Instafund Management Mortgage Corp. v Garrow 2020 BCSC 1017 outlines the law relating to an application for the removal of a certificate of pending litigation (CPL).
The court held that the first step on such an application is to determine whether the pleadings disclose an interest in the land. (Land Title Act S. 215)
If the pleadings failed to disclose an interest in the land, then the certificate of pending litigation must be canceled. Yi Teng Investments v Keltic Developments 2019 BCCA 357.
In Bilan Xiao and Berthin v Berthin 2018 BC CA 57 the appeal court confirmed an application to cancel a certificate of pending litigation for noncompliance with section 215 Land title act, finding that section 215 does not permit an analysis of the merits of the underlying claim, thus the court must consider only whether the pleadings contain a claim for an interest in land.
It is not open to a judge to cancel a certificate of pending litigation on the basis of claim to an interest in land is weak or where there is no triable issue. Bilan paras. 53-55.
If an applicant does not succeed in establishing that there is no claim for an interest in land under section 215, the court may still cancel a certificate of pending litigation.
If the applicant can establish “hardship and inconvenience” caused by the presence of the filed CPL. ( S. 256-257 Land Title Act) . The onus is on the applicant to establish that they are suffering hardship and inconvenience. The evidentiary threshold was discussed by the Court of Appeal in Youyi Group Holdings (Canada) , LTD,. v Brentwood lanes Canada 2014 BCCA 388 .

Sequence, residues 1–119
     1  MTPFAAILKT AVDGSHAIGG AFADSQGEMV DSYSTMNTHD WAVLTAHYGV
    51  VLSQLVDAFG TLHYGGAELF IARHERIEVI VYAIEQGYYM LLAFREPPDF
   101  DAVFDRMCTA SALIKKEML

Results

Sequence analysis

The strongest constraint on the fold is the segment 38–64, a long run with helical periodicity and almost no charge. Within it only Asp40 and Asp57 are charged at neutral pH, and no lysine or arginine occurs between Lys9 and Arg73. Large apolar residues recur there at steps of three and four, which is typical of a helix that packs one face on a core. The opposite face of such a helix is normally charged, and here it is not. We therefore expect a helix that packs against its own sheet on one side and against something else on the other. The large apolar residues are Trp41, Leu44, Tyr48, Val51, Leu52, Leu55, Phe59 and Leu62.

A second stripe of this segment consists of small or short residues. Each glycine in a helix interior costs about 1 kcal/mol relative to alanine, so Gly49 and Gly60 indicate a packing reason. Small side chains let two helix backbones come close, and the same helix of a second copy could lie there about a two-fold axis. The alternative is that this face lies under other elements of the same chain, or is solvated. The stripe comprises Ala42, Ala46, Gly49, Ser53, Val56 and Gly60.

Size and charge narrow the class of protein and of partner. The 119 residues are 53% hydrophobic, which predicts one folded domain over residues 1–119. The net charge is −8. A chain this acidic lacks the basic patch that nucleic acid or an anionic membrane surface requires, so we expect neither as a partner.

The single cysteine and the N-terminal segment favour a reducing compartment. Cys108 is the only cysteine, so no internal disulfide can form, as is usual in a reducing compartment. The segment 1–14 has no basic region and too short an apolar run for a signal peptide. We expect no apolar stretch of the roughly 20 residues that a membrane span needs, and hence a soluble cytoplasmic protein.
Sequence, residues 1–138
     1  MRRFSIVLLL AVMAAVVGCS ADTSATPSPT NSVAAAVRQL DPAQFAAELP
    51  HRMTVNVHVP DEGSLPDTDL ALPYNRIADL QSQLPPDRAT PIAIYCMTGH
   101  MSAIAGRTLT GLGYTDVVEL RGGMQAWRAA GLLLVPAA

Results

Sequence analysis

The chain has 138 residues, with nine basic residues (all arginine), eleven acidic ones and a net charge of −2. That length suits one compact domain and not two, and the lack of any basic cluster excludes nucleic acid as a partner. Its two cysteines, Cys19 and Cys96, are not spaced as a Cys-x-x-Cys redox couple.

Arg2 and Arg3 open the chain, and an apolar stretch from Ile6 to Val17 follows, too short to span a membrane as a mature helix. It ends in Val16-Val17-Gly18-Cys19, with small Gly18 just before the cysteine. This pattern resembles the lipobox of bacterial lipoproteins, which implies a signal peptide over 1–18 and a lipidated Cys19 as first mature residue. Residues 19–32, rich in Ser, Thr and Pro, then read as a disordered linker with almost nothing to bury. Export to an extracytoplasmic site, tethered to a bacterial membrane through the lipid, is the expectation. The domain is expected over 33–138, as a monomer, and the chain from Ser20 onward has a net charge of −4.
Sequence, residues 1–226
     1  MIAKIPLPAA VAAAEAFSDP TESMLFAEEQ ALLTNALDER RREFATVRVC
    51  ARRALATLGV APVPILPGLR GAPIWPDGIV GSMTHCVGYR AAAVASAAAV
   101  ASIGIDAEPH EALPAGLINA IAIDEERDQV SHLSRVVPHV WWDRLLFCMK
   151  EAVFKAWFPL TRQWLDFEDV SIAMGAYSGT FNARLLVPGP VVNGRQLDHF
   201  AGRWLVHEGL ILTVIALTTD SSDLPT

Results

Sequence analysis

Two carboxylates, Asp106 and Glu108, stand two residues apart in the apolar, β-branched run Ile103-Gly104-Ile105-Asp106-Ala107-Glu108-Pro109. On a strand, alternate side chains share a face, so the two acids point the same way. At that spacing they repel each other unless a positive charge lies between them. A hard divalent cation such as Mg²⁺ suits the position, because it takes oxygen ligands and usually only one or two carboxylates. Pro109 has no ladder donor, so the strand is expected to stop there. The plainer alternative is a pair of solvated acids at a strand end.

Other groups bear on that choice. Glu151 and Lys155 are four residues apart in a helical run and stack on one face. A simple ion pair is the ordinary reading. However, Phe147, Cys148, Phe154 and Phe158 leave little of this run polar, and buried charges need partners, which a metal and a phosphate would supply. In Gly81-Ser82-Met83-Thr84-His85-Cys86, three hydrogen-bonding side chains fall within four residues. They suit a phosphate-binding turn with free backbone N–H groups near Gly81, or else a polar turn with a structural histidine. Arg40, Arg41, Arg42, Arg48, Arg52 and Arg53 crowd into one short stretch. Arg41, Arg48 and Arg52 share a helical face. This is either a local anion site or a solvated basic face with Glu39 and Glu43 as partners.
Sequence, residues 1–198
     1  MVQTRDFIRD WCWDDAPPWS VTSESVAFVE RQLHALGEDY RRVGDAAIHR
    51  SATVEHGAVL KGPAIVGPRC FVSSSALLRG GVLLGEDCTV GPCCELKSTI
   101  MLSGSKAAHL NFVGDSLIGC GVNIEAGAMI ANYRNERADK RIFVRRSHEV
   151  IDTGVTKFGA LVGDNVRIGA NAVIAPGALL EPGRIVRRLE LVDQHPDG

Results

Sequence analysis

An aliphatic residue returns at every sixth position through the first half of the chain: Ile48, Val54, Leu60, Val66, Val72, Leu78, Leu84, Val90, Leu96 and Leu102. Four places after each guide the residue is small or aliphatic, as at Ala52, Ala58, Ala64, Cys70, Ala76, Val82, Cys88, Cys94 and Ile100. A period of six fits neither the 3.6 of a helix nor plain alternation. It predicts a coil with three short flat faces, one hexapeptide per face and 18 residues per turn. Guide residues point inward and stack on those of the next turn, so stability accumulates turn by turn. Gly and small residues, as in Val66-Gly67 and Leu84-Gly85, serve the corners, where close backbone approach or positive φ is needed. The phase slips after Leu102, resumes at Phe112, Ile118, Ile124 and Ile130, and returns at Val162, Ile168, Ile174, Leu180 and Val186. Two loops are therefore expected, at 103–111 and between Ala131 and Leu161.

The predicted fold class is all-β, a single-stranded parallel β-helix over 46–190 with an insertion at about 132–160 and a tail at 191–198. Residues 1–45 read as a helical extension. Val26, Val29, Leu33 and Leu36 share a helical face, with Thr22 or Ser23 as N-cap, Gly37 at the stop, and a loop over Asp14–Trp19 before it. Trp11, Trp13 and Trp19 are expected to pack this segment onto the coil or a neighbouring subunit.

As a preliminary matter, the applicant may show that he/she/ it is experiencing or likely to experience hardship and inconvenience as a result of the registration of the CPL.
Some judges have proceeded on the basis that the hardship need not be significant, while others have required severe suffering.
The court in Instafund stated that the legislature could not have intended that the threshold under section 256 could be surmounted by proof of hardship that is only “trifling”, while on the other hand, the court said it should not be “exacting” in its analysis of hardship and inconvenience.
The applicant must provide particulars that demonstrate hardship. Generalizations and unsupported by specific proof of hardship and inconvenience are insufficient, as discussed in Grant v Sandhu 2009 BC SC 2236
Speculation about potential business opportunities or sales is insufficient. Kaur V Chandler 2018 BCSC 1283 at paras. 46-48
The alleged hardship must be caused by the registration of the CPL. Liquor Barn Income Fund v Mather 2011 BC CA 141 at paras. 23 and 37.
Even if an applicant has established hardship and inconvenience, it does not follow as a matter of course that the CPL will be canceled. The court retains a residual discretion. This discretion allows for other factors, including equitable principles to be considered. Youyi at paragraph 29.